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The Donald Trump litmus test established by Republican Party Chair Reince Priebus for participation in the GOP will make it harder to rebuild the party once Trump is done destroying it.

In a purely destructive move, Priebus last week called out Ohio Gov. John Kasich for not backing the Republican nominee, threatening that he and other former presidential contenders can forget about any future White House ambitions if they don’t climb aboard the Trump bandwagon. (Ted Cruz heeded the warning Friday.)

Think about how boneheaded the threat is. Kasich is the popular governor of one of the three most important battleground states in this election. True, he, like Jeb Bush, reneged on a campaign pledge to support the Republican nominee no matter who it was.

But Kasich represents a lot of mainstream conservatives and Republicans who have watched this campaign unfold and are appalled at what they’ve seen and heard from Trump. It’s not sour grapes. It’s a matter of conscience.

And it is not an insignificant group. It includes most of the Bush family, including the last two Republican presidents. Other GOP governors, including Michigan’s Rick Snyder, are among the ranks of those who haven’t endorsed Trump. And senators, former congressmen and respected Republican strategists. Some are openly backing Hillary Clinton, but most are just sitting on the sidelines.

The latter group includes Republican mega-donors Paul Singer and the much maligned Koch brothers. They have chosen principle over partisanship, deciding that the well-being of the country matters more even than who will appoint the next Supreme Court justices.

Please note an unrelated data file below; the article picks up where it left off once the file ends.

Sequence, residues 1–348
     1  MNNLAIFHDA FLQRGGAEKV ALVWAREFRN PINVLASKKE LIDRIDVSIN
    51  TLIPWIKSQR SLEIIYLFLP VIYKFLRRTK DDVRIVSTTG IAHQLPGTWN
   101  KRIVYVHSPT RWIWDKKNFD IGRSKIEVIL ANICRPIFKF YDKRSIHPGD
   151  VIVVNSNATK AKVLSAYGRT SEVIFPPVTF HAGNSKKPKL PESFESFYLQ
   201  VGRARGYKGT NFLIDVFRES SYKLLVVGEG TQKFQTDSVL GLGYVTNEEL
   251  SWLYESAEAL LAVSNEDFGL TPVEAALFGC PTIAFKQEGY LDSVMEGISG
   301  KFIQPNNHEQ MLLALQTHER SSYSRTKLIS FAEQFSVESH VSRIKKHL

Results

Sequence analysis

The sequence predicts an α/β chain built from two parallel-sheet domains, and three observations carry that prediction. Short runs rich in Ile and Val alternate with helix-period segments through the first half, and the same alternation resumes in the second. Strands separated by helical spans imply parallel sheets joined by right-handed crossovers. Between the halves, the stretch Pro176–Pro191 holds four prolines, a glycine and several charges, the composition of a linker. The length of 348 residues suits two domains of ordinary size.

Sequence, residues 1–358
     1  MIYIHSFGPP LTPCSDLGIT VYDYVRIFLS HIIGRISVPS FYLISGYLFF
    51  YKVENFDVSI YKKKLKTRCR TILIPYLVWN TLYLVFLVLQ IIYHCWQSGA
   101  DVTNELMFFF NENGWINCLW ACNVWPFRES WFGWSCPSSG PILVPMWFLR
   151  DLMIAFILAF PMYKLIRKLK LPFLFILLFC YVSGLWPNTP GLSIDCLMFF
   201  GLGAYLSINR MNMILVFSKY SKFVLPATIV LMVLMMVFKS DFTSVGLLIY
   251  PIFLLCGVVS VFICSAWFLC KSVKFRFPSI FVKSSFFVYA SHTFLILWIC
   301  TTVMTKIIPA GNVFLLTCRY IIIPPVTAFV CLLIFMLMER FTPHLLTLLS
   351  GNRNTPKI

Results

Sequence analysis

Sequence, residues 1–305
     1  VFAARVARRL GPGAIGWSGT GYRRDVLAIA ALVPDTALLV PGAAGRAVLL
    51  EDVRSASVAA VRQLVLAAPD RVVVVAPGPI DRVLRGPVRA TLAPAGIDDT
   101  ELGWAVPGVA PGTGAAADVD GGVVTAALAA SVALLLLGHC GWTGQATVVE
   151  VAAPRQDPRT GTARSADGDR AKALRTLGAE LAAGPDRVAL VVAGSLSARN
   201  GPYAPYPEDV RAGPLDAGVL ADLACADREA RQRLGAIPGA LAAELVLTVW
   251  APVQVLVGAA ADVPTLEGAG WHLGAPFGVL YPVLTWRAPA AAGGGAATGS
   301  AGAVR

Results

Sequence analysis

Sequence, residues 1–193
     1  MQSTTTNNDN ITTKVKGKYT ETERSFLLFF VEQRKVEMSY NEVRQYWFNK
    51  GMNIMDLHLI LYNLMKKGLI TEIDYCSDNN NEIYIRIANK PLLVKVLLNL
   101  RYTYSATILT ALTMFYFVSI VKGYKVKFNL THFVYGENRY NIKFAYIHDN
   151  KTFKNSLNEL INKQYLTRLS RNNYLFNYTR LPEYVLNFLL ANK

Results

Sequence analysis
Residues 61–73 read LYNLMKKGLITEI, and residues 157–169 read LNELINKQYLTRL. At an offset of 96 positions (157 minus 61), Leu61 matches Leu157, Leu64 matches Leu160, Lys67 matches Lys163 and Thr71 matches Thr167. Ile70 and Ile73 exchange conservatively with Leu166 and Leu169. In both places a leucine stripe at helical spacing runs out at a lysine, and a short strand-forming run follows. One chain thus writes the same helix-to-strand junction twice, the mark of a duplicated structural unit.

Will Priebus exile them, too? Will he tell David and Charles Koch to take their checkbooks and go home in 2020?

Most of the #NeverTrump Republicans are still laboring tirelessly on behalf of the party, if not the top of the ticket. Kasich is campaigning to help keep the GOP’s congressional majorities. Snyder is working hard to maintain Republican control of the Michigan House.

The Koch brothers are pouring money into congressional races and other down ballot contests.

They are not traitors to the Republican Party. Rather, they represent the GOP’s sanity wing.

These are exactly the people the party will need after Trump is trampled to rebuild a Republican Party that can appeal to a wider and more diverse swath of the American electorate.

George W. Bush recently mused that he might be the last Republican president in U.S. history. Others are looking at the nation’s demographics and concurring they work hard against the GOP.

The narrative doesn’t have to play out, if Republicans embrace pragmatism and a broader world view, and come to the recognition that they can’t impose an ideology held dearly by one-third of the country on the other two-thirds who don’t share their beliefs. The GOP has to pull back from the extremes and become a center-right party again.

That’s the message Kasich and others are trying to send. Rather than shunning them, Priebus should strive to keep these wise men and women in the Republican ranks. He’s going to need them.

Nolan Finley’s book “A Little Red Hen: A Collection of Columns from Detroit’s Conservative Voice” is available from Amazon, iBooks and Barnes & Noble Nook.

nfinley@detroitnews.com

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